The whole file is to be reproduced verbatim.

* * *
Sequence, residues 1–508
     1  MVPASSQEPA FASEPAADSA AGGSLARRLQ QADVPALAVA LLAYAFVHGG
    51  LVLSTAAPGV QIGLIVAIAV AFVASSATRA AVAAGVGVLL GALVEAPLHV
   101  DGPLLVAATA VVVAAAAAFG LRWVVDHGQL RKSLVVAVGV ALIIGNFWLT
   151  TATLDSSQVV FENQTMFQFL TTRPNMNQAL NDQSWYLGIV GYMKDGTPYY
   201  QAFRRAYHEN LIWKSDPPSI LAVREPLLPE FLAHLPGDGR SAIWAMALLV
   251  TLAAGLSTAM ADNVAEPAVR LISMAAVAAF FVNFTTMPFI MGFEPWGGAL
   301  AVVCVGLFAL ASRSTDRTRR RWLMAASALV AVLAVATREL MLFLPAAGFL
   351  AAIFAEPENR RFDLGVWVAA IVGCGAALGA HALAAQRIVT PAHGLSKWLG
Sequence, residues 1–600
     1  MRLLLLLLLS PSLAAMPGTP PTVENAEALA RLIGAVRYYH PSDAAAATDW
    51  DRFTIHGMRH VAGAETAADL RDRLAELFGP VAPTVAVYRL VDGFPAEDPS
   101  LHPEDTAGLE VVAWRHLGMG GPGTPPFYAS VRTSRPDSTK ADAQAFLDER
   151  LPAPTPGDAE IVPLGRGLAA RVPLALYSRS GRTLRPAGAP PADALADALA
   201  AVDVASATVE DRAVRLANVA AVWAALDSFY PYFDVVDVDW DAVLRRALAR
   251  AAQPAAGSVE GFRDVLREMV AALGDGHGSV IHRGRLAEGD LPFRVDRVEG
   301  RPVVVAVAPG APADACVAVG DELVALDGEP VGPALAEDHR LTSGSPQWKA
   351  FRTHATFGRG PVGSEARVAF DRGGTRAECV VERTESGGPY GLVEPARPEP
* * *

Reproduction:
Sequence, residues 1–508
     1  MVPASSQEPA FASEPAADSA AGGSLARRLQ QADVPALAVA LLAYAFVHGG
    51  LVLSTAAPGV QIGLIVAIAV AFVASSATRA AVAAGVGVLL GALVEAPLHV
   101  DGPLLVAATA VVVAAAAAFG LRWVVDHGQL RKSLVVAVGV ALIIGNFWLT
   151  TATLDSSQVV FENQTMFQFL TTRPNMNQAL NDQSWYLGIV GYMKDGTPYY
   201  QAFRRAYHEN LIWKSDPPSI LAVREPLLPE FLAHLPGDGR SAIWAMALLV
   251  TLAAGLSTAM ADNVAEPAVR LISMAAVAAF FVNFTTMPFI MGFEPWGGAL
   301  AVVCVGLFAL ASRSTDRTRR RWLMAASALV AVLAVATREL MLFLPAAGFL
   351  AAIFAEPENR RFDLGVWVAA IVGCGAALGA HALAAQRIVT PAHGLSKWLG
Sequence, residues 1–600
     1  MRLLLLLLLS PSLAAMPGTP PTVENAEALA RLIGAVRYYH PSDAAAATDW
    51  DRFTIHGMRH VAGAETAADL RDRLAELFGP VAPTVAVYRL VDGFPAEDPS
   101  LHPEDTAGLE VVAWRHLGMG GPGTPPFYAS VRTSRPDSTK ADAQAFLDER
   151  LPAPTPGDAE IVPLGRGLAA RVPLALYSRS GRTLRPAGAP PADALADALA
   201  AVDVASATVE DRAVRLANVA AVWAALDSFY PYFDVVDVDW DAVLRRALAR
   251  AAQPAAGSVE GFRDVLREMV AALGDGHGSV IHRGRLAEGD LPFRVDRVEG
   301  RPVVVAVAPG APADACVAVG DELVALDGEP VGPALAEDHR LTSGSPQWKA
   351  FRTHATFGRG PVGSEARVAF DRGGTRAECV VERTESGGPY GLVEPARPEP